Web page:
Nursing care workers push back on wage freezes

Nursing workers employed by Carewest have been without a contract for almost 2.5 years, and the employer is proposing 2 years of wage freezes, after 3 years of freezes in the last contract.

The Alberta Union of Provincial Employees held an information rally in Calgary yesterday in support of nursing care workers there.

The rally was held at Dr. Vernon Fanning Centre in northeast Calgary. The centre is operated by Carewest and provides programs and services for over 280 long-term care residents and rehabilitation clients.

It’s also the site of a recent unionization push by over 120 nursing care workers employed there.

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Carewest is the largest public care provider in Calgary and one of the largest in the country.

AUPE has been trying to negotiate a new contract with Carewest on behalf of workers employed with the company. AUPE workers at Carewest have been without a contract since their last one expired in June 2020, over 2 years ago.

However, those negotiations haven’t gone very well.

For example, the company initially proposed wage freezes in the first two years of the new contract, followed by a 1% increase this year (despite inflation hovering around 7%), and 1.25% next summer.

And that follows negotiated wage freezes in 2017 and 2018, an arbitrator-mandated wage freeze in 2019. In other words, Carewest wants their nursing staff to have no wage increases for 5 years straight.

Now, to be fair, they did propose a 1% one-time lump sum pandemic payment for 2021.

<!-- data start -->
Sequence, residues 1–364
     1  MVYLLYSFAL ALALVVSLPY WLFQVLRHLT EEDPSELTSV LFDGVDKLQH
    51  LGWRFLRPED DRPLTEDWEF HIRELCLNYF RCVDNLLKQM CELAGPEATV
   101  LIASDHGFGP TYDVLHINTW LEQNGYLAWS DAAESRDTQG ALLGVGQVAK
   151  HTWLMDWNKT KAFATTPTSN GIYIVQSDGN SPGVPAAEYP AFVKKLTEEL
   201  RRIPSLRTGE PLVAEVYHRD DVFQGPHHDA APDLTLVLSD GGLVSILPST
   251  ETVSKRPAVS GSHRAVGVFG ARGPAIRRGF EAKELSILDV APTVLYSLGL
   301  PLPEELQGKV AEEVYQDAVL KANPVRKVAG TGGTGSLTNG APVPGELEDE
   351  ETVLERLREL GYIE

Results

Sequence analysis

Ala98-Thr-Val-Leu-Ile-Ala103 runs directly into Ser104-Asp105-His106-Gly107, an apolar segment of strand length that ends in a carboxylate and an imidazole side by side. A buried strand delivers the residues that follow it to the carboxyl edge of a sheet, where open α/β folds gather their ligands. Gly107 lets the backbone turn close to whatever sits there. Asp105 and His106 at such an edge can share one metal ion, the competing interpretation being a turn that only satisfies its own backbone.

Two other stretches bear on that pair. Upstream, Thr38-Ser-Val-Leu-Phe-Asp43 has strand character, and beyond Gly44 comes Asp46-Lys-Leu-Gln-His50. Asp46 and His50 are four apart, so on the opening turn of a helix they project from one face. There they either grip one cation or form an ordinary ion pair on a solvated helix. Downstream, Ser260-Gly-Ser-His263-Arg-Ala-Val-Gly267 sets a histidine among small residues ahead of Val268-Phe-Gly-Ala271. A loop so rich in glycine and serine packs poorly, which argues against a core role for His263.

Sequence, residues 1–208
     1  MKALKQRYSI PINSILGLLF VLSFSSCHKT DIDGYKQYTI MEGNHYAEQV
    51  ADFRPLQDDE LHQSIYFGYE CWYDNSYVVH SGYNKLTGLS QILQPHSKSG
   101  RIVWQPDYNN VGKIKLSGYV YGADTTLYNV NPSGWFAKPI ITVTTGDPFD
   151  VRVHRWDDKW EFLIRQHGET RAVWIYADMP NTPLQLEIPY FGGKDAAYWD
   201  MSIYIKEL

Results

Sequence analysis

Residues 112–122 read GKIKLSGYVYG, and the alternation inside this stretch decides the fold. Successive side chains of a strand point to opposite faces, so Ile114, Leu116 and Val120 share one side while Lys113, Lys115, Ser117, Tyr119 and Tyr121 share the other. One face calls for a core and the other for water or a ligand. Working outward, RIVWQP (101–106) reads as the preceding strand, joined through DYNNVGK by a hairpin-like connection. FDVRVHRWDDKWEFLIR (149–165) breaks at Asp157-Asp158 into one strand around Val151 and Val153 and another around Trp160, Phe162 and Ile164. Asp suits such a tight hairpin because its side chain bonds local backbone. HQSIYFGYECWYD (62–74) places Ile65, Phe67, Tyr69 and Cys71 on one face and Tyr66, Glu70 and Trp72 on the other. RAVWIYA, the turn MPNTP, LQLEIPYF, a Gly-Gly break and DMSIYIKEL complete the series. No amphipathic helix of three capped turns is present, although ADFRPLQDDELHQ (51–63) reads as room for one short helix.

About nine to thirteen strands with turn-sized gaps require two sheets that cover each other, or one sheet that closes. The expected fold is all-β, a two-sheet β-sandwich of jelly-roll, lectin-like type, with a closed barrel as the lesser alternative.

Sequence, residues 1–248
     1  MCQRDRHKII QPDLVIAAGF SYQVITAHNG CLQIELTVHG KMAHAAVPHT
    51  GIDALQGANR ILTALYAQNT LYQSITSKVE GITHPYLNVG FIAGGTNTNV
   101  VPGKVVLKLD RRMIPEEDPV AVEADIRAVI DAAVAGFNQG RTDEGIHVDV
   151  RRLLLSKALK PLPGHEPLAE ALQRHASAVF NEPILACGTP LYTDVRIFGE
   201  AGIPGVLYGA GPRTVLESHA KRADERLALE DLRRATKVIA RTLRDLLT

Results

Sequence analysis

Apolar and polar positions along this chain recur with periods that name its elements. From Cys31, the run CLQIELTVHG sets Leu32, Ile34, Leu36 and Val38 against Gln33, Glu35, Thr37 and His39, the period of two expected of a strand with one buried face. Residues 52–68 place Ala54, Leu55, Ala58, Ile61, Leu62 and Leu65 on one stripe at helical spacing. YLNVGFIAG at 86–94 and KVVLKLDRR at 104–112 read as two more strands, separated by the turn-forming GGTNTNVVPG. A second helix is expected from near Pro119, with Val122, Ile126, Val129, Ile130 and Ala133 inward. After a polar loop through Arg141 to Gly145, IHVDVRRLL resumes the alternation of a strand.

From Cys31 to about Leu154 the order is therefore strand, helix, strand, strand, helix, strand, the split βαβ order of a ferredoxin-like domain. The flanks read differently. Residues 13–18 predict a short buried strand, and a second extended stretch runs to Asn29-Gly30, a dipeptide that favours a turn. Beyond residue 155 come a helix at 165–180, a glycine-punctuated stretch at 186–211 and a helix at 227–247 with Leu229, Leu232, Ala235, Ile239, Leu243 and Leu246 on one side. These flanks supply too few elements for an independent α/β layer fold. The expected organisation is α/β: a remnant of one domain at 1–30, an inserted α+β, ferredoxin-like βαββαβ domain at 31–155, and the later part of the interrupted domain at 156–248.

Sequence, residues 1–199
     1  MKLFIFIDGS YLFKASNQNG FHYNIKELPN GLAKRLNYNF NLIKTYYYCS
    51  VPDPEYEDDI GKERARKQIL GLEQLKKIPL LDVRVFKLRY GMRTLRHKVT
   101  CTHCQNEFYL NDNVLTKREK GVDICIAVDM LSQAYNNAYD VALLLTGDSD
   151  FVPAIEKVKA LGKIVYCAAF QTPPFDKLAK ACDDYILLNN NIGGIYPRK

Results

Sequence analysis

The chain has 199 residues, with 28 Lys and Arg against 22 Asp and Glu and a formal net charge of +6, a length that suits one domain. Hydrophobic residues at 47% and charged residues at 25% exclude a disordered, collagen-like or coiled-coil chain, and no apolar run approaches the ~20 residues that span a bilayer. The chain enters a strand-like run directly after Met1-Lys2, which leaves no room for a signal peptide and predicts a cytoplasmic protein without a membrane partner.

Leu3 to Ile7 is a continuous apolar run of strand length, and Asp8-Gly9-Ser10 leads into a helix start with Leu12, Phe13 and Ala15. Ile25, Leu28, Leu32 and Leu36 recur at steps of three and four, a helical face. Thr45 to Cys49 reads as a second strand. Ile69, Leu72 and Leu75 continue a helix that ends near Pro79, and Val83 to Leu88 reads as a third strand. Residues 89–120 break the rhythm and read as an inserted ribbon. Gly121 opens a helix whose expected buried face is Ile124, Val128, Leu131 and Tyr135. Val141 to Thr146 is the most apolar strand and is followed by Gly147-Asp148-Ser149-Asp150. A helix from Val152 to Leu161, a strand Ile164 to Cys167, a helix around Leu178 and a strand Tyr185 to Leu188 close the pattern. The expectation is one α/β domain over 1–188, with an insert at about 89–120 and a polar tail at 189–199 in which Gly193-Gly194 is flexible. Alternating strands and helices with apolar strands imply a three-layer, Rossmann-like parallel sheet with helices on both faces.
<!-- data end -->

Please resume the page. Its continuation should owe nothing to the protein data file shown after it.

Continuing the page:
Since that initial proposal, however, Carewest has readjusted their offer by moving the 2021 wage freeze to 2024, the last year of the contract.

The company has also proposed that some workers work overtime without overtime pay, the ability to impose mandatory overtime on workers, the ability to impose mandatory changes to scheduled vacation time, limiting time off for medical appointments, and making it harder for workers to file grievances.

According to Bobby-Joe Borodey, vice-president of AUPE, they’re holding the rally because “our members have had enough of being treated with such disrespect by Carewest.”

Borodey went on to refer to Canwest’s desire to “squeeze our members” while Alberta braces “for another surge of demand on health care brought by the next wave of COVID-19 and the beginning of flu season”, as “madness”.

Attendees at the rally reported that there were roughly 50 people participating at any given time during the rally; although, participants came and went throughout the event, meaning there were more than 50 as a total.

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By Kim Siever

Kim Siever is an independent queer journalist based in Lethbridge, Alberta. He writes daily news articles, focusing on politics and labour.

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